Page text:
THE man tasked by Michael Gove with fashioning the Tories’ “levelling up” strategy has been hired by Labour to do the same thing.

Andy Haldane, a former chief economist at the Bank of England, has been brought in to run Labour’s plan for “regional growth”, Lisa Nandy told the Guardian.

Nandy, the shadow levelling up secretary under Labour leader Keir Starmer, also appeared at her party’s conference in Liverpool alongside a Conservative MP.

Danny Kruger, the Eton-educated son of TV presenter Prue Leith and the Tory MP for Devizes, previously served as political secretary to Boris Johnson during his time as prime minister.

He appeared alongside Nandy at an event run by the right-wing think tank Onward.

The think-tank’s website says: “Onward develops bold and practical ideas for the next generation of centre-right thinkers and leaders.”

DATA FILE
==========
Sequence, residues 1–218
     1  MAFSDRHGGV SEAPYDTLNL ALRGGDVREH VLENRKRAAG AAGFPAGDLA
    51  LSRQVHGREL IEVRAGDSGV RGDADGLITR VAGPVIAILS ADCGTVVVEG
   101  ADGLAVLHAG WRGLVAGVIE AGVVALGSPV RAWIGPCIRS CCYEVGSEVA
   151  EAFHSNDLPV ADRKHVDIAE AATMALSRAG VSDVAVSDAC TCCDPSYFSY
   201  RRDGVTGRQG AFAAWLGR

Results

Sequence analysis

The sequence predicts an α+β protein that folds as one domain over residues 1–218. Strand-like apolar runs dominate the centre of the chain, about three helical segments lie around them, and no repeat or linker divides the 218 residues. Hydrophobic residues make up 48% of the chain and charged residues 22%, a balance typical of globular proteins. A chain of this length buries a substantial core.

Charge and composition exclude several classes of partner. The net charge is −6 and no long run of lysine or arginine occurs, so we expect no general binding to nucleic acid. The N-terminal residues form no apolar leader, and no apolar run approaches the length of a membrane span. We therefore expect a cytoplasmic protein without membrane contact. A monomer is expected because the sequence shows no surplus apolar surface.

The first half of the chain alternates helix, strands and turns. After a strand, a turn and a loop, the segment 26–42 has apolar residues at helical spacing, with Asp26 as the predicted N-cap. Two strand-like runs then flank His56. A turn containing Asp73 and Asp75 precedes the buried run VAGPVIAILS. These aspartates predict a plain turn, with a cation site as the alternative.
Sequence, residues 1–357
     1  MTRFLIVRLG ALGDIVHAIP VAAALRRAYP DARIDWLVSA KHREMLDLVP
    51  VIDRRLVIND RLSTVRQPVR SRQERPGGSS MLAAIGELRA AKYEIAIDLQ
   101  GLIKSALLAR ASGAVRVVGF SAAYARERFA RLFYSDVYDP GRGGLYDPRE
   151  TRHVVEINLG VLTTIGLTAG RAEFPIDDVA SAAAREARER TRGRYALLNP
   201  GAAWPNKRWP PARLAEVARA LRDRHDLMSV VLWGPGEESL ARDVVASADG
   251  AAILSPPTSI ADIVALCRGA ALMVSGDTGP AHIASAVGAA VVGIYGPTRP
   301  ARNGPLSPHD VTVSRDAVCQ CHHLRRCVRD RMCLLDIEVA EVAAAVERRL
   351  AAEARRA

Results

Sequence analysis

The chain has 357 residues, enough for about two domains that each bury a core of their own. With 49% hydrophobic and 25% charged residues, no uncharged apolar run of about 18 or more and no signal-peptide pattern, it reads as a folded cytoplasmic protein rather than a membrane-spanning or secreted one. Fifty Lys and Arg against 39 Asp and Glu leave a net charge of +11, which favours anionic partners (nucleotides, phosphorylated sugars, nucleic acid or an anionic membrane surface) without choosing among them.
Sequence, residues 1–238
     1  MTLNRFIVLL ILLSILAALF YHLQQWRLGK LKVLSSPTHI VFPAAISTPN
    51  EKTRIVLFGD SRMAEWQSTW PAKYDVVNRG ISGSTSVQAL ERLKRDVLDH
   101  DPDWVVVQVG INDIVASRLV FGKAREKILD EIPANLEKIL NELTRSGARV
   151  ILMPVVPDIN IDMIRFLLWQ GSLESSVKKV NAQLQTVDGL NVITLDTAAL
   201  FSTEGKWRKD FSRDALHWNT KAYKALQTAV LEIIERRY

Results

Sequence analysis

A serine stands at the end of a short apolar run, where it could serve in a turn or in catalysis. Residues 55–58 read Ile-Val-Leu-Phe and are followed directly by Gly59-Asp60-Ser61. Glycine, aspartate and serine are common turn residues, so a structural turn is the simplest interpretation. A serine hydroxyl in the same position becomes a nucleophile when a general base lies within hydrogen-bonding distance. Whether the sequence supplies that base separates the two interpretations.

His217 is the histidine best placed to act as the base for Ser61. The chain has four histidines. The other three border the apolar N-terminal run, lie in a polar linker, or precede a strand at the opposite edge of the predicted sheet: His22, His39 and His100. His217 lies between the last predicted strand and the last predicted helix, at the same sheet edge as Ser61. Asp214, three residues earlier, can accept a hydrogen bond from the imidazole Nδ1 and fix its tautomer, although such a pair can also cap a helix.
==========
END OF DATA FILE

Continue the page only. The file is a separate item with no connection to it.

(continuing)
Nandy told the Guardian: “They came to this conference because they can see that levelling up under the Tories is dead. It is the only answer for the country and Labour is where it’s at.

“That gave me a lot of confidence that the prize isn’t just within our reach – that better country that we want to build – but it’s absolutely within our reach.”

The Labour MP’s comments echo those made by her party’s leader in July.

READ MORE: Wee Ginger Dug: The levelling up lie: We should beware UK funding in Scotland

Giving a speech to activists in Liverpool, Starmer said: “Just because the Tory commitment to levelling up is dead, doesn’t mean the idea of levelling up is dead – Labour will take it on.”

Starmer also told the crowd that he had brought in former prime minister Gordon Brown to help at look at “new forms of economic devolution”.

It is unclear if this is the same body of work as the regional growth strategy being overseen by Haldane. 

In July, Gove was sacked by Johnson from his levelling up brief amidst a mass of ministerial resignations that led to the now-former prime minister's eventual downfall. 

Labour has reached a new high in the polls after Liz Truss’s new UK Government oversaw the value of the pound hitting historic lows against the US dollar.

Truss has also brought in tax cuts for the highest earners and an end to a cap on bankers’ bonuses, policies which are overwhelmingly unpopular, even with Conservative voters.